Introduction to Research Evaluation

Introduction to Research Evaluation

DOI: 10.4018/978-1-5225-5945-0.ch001
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With the availability of large corpus of potential indicators and their extensive use, it is imperative to examine and scrutinize the features of these indicators in order to make them eligible for use by researchers, evaluators, and administrators. The significance of the book is to draw attention of research community towards the huge number of scientometric indicators that are available and are applied to evaluate the research content at various levels. It aims to provide a “one stop shop” to the future researchers where they can learn about the full range of research indicators available to them for the purpose of the evaluation and assessment of scientific literature.
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Research Evaluation

Every research assessing unit is necessarily required to have an evidence based, strong understanding of its performance towards the research mission and goals. This need and understanding of performance measurement is attained and upheld through the system of evaluation of research. The evaluation of scientific research is an extremely sophisticated and elusive endeavour (Braun, Schubert & Glanzel, 1985; Haiqi & Yuhua, 1996). The ‘evaluation’ is a methodological area that when practiced provides the worth and significance of a piece of work. Thus, research evaluation is a requisition of any academic discipline as it reveals the value and quality of academic research. Research evaluation is of specific importance particularly in the era of knowledge economy because knowledge leads economic development, and knowledge-generation. It reveals the progress of the national research accomplishments, suggests signs for policymaking, and assists as a motivation for scholars to develop the eminence of their research (Huang & Chang, 2008). The guidelines provided by the European Research Centre (n.d.a) regarding the evaluation of research programmes and projects, there are two chief reasons of evaluation: to brace and recover their execution and to pronounce their results. Due to differences in the nature of academic disciplines, the diversity of publishing activities and content substances, and differences in expectations of researchers of different fields, research evaluation requires different methods for different disciplines. Various methodologies have been put forth by researchers to assess the research output and each method has its own pros and cons. Therefore, efficient and effective research evaluation needs to consider and specify which approaches are most applicable for an unambiguous evaluation context. The European Research centre (n.d.a) provides two broad categories in which methods of evaluation tend to fall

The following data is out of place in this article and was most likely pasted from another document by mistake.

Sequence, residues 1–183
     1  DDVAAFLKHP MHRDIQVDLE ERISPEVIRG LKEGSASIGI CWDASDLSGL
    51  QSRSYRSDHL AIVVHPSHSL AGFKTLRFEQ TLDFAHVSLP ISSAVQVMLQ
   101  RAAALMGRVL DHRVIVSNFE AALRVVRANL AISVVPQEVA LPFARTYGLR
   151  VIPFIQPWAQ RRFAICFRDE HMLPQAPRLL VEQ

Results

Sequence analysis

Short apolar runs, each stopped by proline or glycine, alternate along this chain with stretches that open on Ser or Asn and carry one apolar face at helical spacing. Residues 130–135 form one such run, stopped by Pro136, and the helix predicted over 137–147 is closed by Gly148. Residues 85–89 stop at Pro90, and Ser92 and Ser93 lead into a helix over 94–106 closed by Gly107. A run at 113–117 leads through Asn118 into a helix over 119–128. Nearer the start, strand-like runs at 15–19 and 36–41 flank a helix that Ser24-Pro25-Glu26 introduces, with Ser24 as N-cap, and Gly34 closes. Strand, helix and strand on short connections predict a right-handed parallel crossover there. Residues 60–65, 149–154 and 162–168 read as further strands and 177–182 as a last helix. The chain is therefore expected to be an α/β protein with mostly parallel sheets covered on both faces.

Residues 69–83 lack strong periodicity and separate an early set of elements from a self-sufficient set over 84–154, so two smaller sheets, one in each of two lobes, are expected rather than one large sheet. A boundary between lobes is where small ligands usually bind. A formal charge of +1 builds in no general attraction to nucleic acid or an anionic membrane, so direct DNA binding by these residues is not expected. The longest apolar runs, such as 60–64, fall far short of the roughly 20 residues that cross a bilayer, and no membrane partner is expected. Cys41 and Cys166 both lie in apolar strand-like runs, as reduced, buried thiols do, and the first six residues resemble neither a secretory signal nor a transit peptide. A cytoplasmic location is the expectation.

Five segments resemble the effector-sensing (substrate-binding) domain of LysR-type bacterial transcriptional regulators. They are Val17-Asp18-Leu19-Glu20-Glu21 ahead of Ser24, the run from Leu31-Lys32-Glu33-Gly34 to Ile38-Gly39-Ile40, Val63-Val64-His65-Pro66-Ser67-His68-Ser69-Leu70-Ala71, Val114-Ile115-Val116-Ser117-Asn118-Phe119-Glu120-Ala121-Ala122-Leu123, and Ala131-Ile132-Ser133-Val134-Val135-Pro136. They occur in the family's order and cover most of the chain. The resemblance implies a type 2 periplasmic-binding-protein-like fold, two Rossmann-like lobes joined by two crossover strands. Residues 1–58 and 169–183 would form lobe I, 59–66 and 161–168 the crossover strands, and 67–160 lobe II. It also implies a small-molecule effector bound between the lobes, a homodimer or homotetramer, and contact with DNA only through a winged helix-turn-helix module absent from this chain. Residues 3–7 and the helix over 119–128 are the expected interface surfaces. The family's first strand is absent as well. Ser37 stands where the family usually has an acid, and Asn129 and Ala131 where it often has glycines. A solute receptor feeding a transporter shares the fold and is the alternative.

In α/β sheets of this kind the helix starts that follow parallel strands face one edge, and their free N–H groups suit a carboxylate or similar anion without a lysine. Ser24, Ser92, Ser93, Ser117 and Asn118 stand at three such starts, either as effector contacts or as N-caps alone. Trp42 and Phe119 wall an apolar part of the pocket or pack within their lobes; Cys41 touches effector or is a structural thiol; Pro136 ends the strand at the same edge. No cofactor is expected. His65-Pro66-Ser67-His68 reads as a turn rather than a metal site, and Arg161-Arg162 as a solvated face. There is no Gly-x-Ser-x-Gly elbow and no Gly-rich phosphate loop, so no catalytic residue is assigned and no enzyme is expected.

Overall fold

• 1.

    Broad and shallow method provide the comprehensive reflection of research quality and often ‘survey’ big examples/samples for information.

  • 2.

    Narrow and deep evaluation approach emphasizes on in- depth surveys, and shoot-up queries like improvements in research funding decisions or acceleration in the execution of research findings into novel practices.

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